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'Quarantine Ramadan': Muslims across Canada prepare for unprecedented virtual holy month

Friday April 24, 2020
By Shanifa Nasser

Absent congregational prayer and gatherings, the next 30 days will be unlike what most Muslims have ever seen

With countries around the world racing to curb the spread of the pandemic by restricting physical gatherings, much of what is central to Ramadan will be next to impossible.  (Vincent Thian/Associated Press)

Forty-five minutes before sunset, Akber Ali and his family will settle in front of their computer screen hoping to recreate the warm, tingling feeling they would have surrounded by thousands of fellow worshippers at the mosque during the nightly prayers during the Muslim holy month.

But this will be no ordinary Ramadan.

"Everyone will look back and remember the 'COVID-19 Ramadan' or the 'Quarantine Ramadan,'" he says with a nervous laugh, knowing the next 30 days will be unlike what virtually any of the world's 1.8 billion Muslims have ever seen.

During the holy month, Muslims across the globe observe a period of daily fasting from dawn until dusk, placing special attention on prayer, internal reflection and charitable acts. In homes around the world, families and friends gather to reflect, break their fasts and celebrate with a shared meal known as an iftar. At the mosque, iftars can be attended by hundreds or thousands, with community members coming together to donate, cook and feed loved ones after a long days' fast.

But with countries around the world racing to curb the spread of the pandemic by restricting physical gatherings, much of what is central to Ramadan will be next to impossible.

And being apart will be a test of faith, says Umair Ahmed Khan, an imam in Delta, B.C.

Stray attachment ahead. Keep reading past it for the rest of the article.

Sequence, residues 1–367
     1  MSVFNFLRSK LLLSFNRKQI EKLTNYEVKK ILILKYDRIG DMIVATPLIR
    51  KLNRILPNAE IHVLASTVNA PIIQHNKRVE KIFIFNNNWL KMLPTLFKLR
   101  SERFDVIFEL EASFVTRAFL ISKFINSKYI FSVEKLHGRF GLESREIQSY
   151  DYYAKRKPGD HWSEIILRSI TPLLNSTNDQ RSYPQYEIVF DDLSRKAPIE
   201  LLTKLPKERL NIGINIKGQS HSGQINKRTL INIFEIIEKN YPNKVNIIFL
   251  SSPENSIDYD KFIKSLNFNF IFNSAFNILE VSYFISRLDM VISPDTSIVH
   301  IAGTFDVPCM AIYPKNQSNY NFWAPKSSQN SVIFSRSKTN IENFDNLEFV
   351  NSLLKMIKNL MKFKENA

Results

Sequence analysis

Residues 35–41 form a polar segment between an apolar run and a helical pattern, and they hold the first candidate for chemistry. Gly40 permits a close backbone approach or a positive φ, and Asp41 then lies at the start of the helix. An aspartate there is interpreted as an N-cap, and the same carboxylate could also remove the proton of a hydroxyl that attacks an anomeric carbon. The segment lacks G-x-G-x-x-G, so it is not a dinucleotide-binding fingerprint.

"This pandemic is actually giving Muslims an opportunity now to practise that self-discipline," he said.

'Spiritual boost'

With the new moon, and the start of Ramadan, approaching, Ali set about organizing a virtual nightly fast-breaking speaker series featuring prominent Muslim scholars and figures from across Canada — an attempt to bring the atmosphere of congregation into people's homes with the help of technology. Just before the sun sets, the call to prayer will be recited, marking the end of the event, after which families will break their fasts, often with dates and water, before performing the evening prayer.

"This is a human problem. It doesn't know any race or religion."

- Imam Sayyid Rizvi

"We want to be able to give people that spiritual boost for the night at home," said Ali, who is director of community outreach at the Islamic charity group Penny Appeal Canada in Toronto.

Amid the pandemic, the group has donated over 4,000 relief kits to families across Canada, regardless of religion or race, struck up a drive to collect personal protective gear for local shelters and health centres, and is hoping to raise money to support small- and medium-sized mosques that have been facing financial hardship as their congregations disappear, practically overnight.